Notice the presentation. The looking the runners back to the bases. The hat. Man, what a great hat.

In this video, Malcolm rips a double into the gap and then stops to admire it. In fact, he starts to lead the clapping of the crowd. Also, notice the running from home plate to second base which is under the basketball goal. Who needs first base? Again, notice the hat and the bat flip.

This was earlier in the day at batting practice. Headband on. Game on.

And, of course we have basketball. Get your own rebound. Pump fake. And the put back.

Shakespeare and “That” Billboard


In the second installment of the mystery that is the I-40 billboard, another pseudo-cryptic message was given by our anonymous source.

Apparently the source is making fun of the backlash that the original billboard received. And I am glad that the source gave us an explanation that requires yet another explanation.

If anything, it gives me another opportunity to come to the defense of one person who would surely be offended by the seond billboard. And that person is William Shakespeare.

If someone uses the idiom/phrase “much ado about nothing,” then most people would surely think of the title of one of the more famous comedies created by the Bard.

Some linguists think that the phrase originated in the 1500’s and the meaning of the idiom seems rather universal:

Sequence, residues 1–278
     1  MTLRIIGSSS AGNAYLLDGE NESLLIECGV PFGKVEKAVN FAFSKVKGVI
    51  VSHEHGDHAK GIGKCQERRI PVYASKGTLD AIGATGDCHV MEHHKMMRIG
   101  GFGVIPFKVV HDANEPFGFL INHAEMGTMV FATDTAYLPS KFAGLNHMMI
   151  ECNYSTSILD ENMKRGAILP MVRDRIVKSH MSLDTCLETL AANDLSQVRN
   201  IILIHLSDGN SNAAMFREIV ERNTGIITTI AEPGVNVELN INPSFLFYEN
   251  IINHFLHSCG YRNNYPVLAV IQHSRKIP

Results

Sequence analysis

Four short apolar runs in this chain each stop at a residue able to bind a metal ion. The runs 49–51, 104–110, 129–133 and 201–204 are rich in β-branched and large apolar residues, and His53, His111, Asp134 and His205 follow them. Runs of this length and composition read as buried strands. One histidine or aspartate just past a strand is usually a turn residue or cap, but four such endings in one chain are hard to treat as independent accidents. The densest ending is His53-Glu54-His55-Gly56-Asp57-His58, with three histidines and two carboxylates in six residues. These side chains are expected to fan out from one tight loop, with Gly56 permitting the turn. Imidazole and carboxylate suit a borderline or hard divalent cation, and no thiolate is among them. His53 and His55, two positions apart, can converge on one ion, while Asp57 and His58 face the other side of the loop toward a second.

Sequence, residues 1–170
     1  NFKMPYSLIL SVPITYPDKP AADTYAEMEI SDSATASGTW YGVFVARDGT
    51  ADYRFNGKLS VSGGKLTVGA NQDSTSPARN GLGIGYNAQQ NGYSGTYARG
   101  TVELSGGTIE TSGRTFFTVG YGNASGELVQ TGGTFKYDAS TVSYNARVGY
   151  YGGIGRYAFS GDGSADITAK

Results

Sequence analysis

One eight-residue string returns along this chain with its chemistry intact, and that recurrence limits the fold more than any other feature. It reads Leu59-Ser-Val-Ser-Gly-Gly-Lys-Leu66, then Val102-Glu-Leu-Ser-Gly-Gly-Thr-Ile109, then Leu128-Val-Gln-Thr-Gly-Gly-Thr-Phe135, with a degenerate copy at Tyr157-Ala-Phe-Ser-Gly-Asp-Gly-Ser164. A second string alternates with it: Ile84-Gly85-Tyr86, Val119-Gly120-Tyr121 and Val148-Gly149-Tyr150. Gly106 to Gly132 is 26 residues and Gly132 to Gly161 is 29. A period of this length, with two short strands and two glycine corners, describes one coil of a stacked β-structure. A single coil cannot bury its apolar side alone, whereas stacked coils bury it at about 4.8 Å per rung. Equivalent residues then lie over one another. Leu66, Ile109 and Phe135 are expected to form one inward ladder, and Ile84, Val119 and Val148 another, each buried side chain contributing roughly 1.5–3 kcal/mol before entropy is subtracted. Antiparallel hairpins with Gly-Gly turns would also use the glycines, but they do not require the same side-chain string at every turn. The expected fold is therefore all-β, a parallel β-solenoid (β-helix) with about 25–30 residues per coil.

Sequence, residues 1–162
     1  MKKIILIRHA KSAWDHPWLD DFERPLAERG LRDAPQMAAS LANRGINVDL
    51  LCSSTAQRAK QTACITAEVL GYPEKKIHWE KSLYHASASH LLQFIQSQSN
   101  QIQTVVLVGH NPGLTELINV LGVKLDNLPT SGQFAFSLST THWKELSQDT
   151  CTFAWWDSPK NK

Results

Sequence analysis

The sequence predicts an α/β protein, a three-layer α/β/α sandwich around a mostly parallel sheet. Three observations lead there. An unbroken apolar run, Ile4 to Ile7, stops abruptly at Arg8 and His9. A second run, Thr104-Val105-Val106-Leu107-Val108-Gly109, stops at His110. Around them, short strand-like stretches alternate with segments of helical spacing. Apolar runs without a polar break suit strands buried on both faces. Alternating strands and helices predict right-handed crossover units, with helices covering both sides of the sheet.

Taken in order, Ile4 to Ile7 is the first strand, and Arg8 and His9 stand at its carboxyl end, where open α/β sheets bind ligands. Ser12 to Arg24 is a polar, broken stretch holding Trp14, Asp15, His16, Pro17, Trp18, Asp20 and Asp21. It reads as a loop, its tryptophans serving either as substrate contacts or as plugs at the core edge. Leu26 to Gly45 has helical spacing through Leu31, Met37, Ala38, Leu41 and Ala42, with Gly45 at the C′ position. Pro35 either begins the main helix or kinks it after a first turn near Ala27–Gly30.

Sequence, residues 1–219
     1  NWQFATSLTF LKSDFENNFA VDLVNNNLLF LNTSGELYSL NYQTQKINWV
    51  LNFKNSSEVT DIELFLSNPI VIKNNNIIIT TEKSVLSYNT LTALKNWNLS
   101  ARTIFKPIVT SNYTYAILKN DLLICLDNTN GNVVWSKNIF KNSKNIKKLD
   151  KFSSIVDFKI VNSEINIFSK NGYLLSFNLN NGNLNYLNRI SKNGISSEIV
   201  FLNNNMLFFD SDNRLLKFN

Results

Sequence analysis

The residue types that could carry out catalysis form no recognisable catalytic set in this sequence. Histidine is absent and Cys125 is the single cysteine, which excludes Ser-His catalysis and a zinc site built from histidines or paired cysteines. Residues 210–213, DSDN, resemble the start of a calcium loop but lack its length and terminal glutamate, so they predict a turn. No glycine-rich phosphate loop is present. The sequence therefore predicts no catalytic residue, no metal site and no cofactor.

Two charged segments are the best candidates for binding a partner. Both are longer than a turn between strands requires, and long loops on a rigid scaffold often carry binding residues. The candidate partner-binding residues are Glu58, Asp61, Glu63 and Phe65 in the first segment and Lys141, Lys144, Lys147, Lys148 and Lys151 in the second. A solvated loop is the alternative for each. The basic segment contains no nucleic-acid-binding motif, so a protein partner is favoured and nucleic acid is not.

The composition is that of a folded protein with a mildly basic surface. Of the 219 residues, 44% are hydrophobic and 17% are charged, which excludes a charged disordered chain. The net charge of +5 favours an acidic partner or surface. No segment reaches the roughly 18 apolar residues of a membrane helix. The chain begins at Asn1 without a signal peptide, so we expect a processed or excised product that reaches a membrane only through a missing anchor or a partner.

“a lot of trouble and excitement about something which is not important”Cambridge Idioms Dictionary, 2nd ed. Copyright © Cambridge University Press 2006.

Making the idiom the title of the billboard would further verify that it is a direct reference to the Shakespeare play.

But if you’re going to use Shakespeare’s title, should you not at least try and use his style and language? It doesn’t have to be in iambic pentameter. Shakespeare wrote a lot of his dialogue in prose.

Here’s the text of the original new billboard as seen now on I-40.

“Much Ado About Nothing
A social experiment that brought forth those so immersed in their own insecurity that in the mirror they could only see an angry victim of their incorrect interpretation of a silly billboard — Bless their hearts”

Imagine that in Shakespearean English. You could try one of many “Shakespeare Translation” websites. Schmoop has one that is used here.

Magically what is created is not only a reference to Shakespeare, but keeps the spirit of Shakespeare. It makes you feel moere intelligent for reading it as if you were above a social experiment.

“Much Ado About Nothing
A social experiment that hath brought forth those so immersed in their own insecurity that in the mirror those gents could only see an fell victim of their incorrect interpretation of a fartuous billboard — Bless their hearts ”

But a man of Shakespeare’s wit and ability to pinpoint human nature as well as inject humor and social satire in the same words may have actually said something different in reference to the first billboard.